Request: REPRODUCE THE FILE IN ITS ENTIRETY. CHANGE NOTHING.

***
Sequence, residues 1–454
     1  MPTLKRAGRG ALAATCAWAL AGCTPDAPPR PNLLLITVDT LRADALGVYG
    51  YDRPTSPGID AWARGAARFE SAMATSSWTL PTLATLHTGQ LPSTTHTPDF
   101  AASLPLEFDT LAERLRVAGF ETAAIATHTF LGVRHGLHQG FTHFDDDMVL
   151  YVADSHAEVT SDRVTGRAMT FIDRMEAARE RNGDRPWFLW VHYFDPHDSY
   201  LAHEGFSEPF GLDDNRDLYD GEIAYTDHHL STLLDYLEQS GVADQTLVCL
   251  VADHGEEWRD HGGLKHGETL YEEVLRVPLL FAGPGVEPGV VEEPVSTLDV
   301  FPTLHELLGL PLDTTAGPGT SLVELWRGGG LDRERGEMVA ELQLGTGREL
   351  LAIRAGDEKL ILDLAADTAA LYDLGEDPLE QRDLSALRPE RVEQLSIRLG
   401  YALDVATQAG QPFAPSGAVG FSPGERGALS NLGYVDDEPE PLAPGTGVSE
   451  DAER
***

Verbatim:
Sequence, residues 1–454
     1  MPTLKRAGRG ALAATCAWAL AGCTPDAPPR PNLLLITVDT LRADALGVYG
    51  YDRPTSPGID AWARGAARFE SAMATSSWTL PTLATLHTGQ LPSTTHTPDF
   101  AASLPLEFDT LAERLRVAGF ETAAIATHTF LGVRHGLHQG FTHFDDDMVL
   151  YVADSHAEVT SDRVTGRAMT FIDRMEAARE RNGDRPWFLW VHYFDPHDSY
   201  LAHEGFSEPF GLDDNRDLYD GEIAYTDHHL STLLDYLEQS GVADQTLVCL
   251  VADHGEEWRD HGGLKHGETL YEEVLRVPLL FAGPGVEPGV VEEPVSTLDV
   301  FPTLHELLGL PLDTTAGPGT SLVELWRGGG LDRERGEMVA ELQLGTGREL
   351  LAIRAGDEKL ILDLAADTAA LYDLGEDPLE QRDLSALRPE RVEQLSIRLG
   401  YALDVATQAG QPFAPSGAVG FSPGERGALS NLGYVDDEPE PLAPGTGVSE
   451  DAER